To do any serious programming under CP/M, the first thing you need is a good programmers editor. There aren’t many in the archives, but I have tried most of them and found ZDE to be the best. It is small, has lots of features, and uses Wordstar commands which are familiar to me and easy to learn.
Downloading files for ZDE
The ZDE 1.6 editor can be downloaded from Bo Zimmerman’s CP/M archive here. This file is in a
.PMA archive, so we also need the utility, pmautoae.com, to uncompress it, again from Bo Zimmerman’s site. These two files should be copied onto a floppy disk or disk image if using an emulator.
I am currently using an emulator which only has 8” SD disks which are not big enough to unpack ZDE onto and contain the compressed file. Therefore I will have the files
zde16.pma on a disk in my C: drive and will uncompress them to a blank disk in my B: drive.
pmautoae.com is a self-expanding archive so to expand it onto my B: drive from the archive on my C: drive, I run:
Then to extract the contents of the
zde16.pma archive held on my C: drive to the B: drive, I run:
If your disks are big enough, then you can do the above all on one disk, say the B: drive; in which case do the above, but change references to
Before the editor can be used, it needs to be configured. The most important thing to configure is the Terminal type, which is done as follows:
t to configure the terminal, then
l to list the terminals. Press return until your terminal is shown, then press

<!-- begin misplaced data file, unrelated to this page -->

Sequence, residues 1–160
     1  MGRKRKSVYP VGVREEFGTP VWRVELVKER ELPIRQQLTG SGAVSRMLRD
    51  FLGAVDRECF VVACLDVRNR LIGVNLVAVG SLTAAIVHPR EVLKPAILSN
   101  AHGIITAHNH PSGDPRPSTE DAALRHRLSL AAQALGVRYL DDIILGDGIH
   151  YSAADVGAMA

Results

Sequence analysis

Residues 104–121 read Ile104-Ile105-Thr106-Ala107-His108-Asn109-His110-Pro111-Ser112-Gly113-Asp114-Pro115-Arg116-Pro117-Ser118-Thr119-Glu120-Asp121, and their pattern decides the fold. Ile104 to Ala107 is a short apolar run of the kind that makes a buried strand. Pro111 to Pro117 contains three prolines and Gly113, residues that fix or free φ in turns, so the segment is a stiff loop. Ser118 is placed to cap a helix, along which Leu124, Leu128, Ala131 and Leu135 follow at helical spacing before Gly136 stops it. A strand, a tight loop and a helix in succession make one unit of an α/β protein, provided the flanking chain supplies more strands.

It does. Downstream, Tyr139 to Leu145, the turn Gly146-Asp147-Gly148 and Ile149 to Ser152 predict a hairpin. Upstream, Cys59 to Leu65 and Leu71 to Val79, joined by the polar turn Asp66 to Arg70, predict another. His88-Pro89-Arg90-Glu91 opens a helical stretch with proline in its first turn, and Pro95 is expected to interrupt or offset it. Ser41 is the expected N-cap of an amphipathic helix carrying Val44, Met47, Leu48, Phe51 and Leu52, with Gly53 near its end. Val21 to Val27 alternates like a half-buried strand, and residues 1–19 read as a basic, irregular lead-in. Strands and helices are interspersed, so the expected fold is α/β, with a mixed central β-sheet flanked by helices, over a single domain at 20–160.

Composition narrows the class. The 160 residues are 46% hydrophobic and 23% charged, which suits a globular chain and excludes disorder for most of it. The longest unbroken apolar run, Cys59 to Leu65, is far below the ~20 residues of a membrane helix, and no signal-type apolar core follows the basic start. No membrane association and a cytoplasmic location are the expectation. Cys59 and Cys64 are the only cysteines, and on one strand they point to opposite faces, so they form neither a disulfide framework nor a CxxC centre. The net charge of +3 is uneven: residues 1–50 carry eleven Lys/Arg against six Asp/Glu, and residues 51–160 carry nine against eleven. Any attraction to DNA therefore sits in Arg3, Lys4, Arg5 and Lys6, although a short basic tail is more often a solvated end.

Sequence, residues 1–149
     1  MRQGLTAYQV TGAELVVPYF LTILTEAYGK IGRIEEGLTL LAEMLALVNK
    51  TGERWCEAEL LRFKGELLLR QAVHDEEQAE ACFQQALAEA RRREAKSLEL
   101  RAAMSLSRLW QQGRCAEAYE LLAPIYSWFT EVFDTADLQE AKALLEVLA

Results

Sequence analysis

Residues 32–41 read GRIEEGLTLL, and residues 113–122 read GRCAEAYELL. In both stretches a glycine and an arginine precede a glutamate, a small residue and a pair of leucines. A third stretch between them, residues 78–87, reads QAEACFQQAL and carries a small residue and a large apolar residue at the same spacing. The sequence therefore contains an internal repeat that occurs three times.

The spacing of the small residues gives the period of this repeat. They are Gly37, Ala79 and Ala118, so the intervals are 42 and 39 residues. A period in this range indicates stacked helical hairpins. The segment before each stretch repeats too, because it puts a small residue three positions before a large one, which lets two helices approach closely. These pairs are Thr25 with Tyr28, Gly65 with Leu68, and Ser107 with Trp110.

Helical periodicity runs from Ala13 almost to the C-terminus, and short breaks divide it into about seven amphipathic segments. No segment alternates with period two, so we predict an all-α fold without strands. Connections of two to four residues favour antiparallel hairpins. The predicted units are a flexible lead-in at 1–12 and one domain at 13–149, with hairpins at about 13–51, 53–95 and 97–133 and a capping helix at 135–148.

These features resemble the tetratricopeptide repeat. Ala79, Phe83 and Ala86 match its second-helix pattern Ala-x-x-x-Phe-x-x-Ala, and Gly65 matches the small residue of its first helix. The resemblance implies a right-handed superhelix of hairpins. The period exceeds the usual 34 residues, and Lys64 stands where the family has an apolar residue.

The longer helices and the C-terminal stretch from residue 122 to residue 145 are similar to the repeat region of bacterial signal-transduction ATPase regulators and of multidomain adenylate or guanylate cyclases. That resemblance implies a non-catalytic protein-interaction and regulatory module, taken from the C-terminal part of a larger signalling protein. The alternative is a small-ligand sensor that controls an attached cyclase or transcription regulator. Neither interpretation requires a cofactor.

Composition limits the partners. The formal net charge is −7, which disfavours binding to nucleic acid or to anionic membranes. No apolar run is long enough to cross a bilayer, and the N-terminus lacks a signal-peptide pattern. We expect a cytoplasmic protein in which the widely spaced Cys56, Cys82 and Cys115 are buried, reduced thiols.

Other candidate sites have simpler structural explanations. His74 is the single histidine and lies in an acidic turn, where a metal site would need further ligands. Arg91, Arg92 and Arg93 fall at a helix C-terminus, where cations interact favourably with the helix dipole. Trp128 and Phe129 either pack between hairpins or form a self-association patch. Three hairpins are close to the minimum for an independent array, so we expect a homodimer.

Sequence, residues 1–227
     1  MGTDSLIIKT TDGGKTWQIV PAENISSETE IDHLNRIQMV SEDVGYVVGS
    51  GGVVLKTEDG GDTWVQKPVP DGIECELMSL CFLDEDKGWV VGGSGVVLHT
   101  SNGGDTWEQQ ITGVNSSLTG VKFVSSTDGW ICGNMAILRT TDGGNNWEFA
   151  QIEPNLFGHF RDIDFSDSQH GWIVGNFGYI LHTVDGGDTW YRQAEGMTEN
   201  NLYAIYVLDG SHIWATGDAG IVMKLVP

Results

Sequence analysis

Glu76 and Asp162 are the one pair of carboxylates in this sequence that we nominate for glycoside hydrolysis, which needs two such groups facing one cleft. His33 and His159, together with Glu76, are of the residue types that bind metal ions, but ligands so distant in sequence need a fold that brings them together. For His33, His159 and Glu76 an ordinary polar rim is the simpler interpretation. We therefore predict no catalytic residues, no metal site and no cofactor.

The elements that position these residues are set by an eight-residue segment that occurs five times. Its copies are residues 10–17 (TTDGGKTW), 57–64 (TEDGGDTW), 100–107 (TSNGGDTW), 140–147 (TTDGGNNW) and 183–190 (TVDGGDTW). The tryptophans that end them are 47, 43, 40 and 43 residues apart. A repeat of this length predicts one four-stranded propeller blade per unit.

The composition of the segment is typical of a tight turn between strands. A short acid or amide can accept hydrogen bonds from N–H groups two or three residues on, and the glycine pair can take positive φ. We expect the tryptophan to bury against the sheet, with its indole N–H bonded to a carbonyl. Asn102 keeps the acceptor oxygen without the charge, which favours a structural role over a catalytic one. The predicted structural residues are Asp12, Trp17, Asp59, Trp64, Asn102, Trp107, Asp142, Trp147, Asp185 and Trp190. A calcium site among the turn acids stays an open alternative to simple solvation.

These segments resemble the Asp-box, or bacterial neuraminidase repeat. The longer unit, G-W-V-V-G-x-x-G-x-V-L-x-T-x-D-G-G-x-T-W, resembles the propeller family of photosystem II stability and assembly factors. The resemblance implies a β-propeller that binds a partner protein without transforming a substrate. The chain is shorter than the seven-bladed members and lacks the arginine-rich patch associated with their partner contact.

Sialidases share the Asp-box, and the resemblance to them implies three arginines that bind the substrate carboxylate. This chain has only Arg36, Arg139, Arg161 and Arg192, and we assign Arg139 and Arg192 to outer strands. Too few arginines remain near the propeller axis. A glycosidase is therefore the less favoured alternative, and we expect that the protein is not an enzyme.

y next to it. I am using z80pack so therefore choose
ANSI standard. Now press
s to save the changes. If you are unsure which terminal to select, try each in turn, then start ZDE to see if it works, pressing
ESC q to quit.
ZDE should be ready to go at this point. To read the ZDE documentation, type the following:
The editor is started with the command
zde16 and can be run with a filename as an argument. If a filename is supplied, the editor will try to open it, if it doesn’t exist then it will start a new file with the name supplied.
ZDE uses the Wordstar key combinations which are explained in the ZDE documentation. On some machines the main command key
CTRL+k is used as a cursor key, in which case
ESC can be used instead. The most important commands are listed below:
|ESC h||Bring up the command key help|
|CTRL+k q / ESC q||Quit editor without saving|
|CTRL+k x / ESC x||Exist and Save|
|CTRL+k l / ESC l||Load a new file|
|CTRL+k s / ESC s||Save the current file|
|CTRL+e / cursor||Line up|
|CTRL+x / cursor||Line down|
|CTRL+s / cursor||Cursor left|
|CTRL+d / cursor||Cursor right|
ZDE is a great editor and well worth the time to learn. It has many facilities to make life easier for the programmer and will definitely help make your retro programming more productive.